Milestones really are goals nestled within larger goals, and research shows writing down goals makes you 42% more likely to reach them.[3]

6. Be Flexible

Try as you might, you won’t meet every milestone you set for yourself. Don’t punish yourself. Learn from your mistake, and set another—and hopefully more achievable—milestone.

Do you need to scrap other milestones down the road because you failed to meet one? Not necessarily, but you may need to delay them.

If you didn’t pass your driver’s test, you probably need to push back practicing merging onto the highway. To ace your test, you may need to first reach a new milestone of memorizing road signs.

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7. Reward Yourself Along the Way

Rewards aren’t just for reaching your big-picture goals. Motivate yourself to keep setting milestones by giving yourself small gifts along the way.

Be careful, however, that they aren’t too small. Just as you wouldn’t give a friend or client a cheap gift, nor should you give yourself one.

John Ruhlin, a gifting expert I know, recommends this rule:[4])

Give yourself something you’d never normally buy but would love to own.

Obviously, don’t go out and buy yourself a new car because you hit your step goal. But a high-end, personalized water bottle might be just the ticket.

8. Give Yourself Breaks

Another way people demotivate themselves is by working themselves into the ground just to reach that next milestone. They beat themselves up, for example, because the nice dinner they enjoyed on vacation blew their calorie budget.

Life is bigger than any one milestone. If you have something to celebrate, indulge a little. If life deals you a setback, realize it may take some time to get back on track. What’s important is that you keep a positive attitude.

9. Get an Accountability Partner

If you’re struggling to set and stick to your milestones, don’t give up; get a partner. Make sure it’s someone who will be firm but fair with you, like a family member or a close friend.

Don’t insist that the accountability partner progress through your milestones with you. Everyone has their own goals to achieve. Do, however, ask him or her to hold you accountable. Suggest some light consequences in case you aren’t progressing toward your goal like you’d hoped.

Even if you can’t get an accountability partner, you can use one of your calendar apps to set daily goals that reminds you of each goal. At the end of the week, go through your calendar and track which goals you accomplished.

Final Thoughts

Some people already find goal setting difficult, so what more if they have to set milestones? To define milestones also means to progress toward your larger goals. Defining milestones on your own may not be easy at first, but you can start with these 9 tips until you get used to it.

More Tips on Setting and Achieving Milestones

Featured photo credit: Ante Hamersmit via unsplash.com

Reference

More by this author

John Hall

John Hall is the co-founder and president of Calendar, a leading scheduling and productivity app that will change how we manage and invest our time.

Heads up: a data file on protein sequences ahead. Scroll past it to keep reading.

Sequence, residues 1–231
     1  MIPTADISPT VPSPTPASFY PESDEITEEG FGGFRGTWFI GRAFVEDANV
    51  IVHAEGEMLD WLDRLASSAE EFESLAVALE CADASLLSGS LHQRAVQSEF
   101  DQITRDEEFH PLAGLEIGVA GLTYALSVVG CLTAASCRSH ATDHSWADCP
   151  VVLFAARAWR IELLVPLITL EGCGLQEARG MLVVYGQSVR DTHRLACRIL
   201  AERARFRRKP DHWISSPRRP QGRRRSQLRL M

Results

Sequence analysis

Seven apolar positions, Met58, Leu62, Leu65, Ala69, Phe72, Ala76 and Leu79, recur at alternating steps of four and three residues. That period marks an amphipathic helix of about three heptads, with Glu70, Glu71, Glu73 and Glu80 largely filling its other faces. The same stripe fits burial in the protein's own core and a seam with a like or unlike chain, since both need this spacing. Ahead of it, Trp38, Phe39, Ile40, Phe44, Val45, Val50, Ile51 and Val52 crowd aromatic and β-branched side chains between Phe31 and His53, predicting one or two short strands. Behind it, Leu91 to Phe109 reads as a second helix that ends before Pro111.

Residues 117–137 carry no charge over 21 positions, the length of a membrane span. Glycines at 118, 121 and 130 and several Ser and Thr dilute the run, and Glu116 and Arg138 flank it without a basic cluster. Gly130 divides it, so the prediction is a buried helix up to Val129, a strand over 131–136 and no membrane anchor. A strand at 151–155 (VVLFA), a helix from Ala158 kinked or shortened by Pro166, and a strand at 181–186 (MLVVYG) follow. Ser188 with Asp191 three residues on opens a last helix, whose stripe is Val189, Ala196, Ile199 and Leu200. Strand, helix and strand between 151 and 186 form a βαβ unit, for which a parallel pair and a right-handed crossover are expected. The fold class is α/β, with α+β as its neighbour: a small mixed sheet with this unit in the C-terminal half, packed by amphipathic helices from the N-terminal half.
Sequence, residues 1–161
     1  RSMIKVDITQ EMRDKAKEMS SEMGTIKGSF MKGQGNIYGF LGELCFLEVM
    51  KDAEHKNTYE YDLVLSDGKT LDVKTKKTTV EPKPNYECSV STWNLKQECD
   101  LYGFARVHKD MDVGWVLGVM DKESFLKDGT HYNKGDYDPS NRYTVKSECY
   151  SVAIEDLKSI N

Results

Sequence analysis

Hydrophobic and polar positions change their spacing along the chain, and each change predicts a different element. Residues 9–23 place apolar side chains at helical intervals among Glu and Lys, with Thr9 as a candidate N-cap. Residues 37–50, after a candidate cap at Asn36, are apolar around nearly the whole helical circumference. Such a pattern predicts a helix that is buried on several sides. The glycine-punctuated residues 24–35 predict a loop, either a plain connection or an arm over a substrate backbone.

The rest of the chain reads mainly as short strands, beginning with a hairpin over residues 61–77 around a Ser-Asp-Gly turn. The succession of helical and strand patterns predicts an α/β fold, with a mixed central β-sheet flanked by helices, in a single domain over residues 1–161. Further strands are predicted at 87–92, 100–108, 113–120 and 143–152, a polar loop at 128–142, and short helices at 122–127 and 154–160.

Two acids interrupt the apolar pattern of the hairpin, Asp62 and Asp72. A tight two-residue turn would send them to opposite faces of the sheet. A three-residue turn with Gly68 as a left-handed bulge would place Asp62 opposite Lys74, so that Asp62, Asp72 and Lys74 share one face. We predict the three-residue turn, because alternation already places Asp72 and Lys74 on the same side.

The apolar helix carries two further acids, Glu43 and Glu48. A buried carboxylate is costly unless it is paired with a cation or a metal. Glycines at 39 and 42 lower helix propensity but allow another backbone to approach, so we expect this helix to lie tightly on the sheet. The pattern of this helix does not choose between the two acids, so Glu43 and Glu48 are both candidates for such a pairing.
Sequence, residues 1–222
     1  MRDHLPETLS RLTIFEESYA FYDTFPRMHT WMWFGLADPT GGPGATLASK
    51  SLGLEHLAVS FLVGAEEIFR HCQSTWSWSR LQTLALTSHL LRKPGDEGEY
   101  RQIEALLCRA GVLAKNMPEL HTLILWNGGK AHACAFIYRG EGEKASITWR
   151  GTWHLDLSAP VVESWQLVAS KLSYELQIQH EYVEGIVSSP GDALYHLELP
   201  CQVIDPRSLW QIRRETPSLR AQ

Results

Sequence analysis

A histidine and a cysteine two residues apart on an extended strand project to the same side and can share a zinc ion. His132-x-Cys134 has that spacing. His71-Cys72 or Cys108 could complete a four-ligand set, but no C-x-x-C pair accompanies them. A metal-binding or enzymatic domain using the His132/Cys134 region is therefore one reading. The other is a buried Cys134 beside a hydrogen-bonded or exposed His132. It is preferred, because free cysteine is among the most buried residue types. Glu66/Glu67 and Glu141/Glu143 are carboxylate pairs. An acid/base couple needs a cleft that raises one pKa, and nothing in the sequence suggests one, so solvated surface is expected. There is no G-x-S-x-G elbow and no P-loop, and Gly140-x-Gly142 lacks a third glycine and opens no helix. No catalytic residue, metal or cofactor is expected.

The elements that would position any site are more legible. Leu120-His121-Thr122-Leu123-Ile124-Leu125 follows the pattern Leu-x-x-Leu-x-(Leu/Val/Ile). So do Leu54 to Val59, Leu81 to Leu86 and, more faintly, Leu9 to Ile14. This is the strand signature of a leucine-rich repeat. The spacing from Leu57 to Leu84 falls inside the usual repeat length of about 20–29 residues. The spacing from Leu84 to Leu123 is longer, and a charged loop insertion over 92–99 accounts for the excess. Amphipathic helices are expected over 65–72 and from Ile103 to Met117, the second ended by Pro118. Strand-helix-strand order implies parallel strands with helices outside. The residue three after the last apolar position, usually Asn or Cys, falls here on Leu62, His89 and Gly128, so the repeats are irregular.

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Last Updated on September 30, 2020

Effective vs Efficient: What’s the Difference Regarding Productivity?

Effective vs Efficient: What’s the Difference Regarding Productivity?

When it comes to being effective vs efficient, there are a lot of similarities, and because of this, they’re often misused and misinterpreted, both in daily use and application.

Every business should look for new ways to improve employee effectiveness and efficiency to save time and energy in the long term. Just because a company or employee has one, however, doesn’t necessarily mean that the other is equally present.

Utilizing both an effective and efficient methodology in nearly any capacity of work and life will yield high levels of productivity, while a lack of it will lead to a lack of positive results.

Before we discuss the various nuances between the word effective and efficient and how they factor into productivity, let’s break things down with a definition of their terms.

Effective vs Efficient

Effective is defined as “producing a decided, decisive, or desired effect.” Meanwhile, the word “efficient ” is defined as “capable of producing desired results with little or no waste (as of time or materials).”[1]

A rather simple way of explaining the differences between the two would be to consider a light bulb. Say that your porch light burned out and you decided that you wanted to replace the incandescent light bulb outside with an LED one. Either light bulb would be effective in accomplishing the goal of providing you with light at night, but the LED one would use less energy and therefore be the more efficient choice.

Now, if you incorrectly set a timer for the light, and it was turned on throughout the entire day, then you would be wasting energy. While the bulb is still performing the task of creating light in an efficient manner, it’s on during the wrong time of day and therefore not effective.

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The effective way is focused on accomplishing the goal, while the efficient method is focused on the best way of accomplishing the goal.

Whether we’re talking about a method, employee, or business, the subject in question can be either effective or efficient, or, in rare instances, they can be both.

When it comes to effective vs efficient, the goal of achieving maximum productivity is going to be a combination where the subject is effective and as efficient as possible in doing so.

Effectiveness in Success and Productivity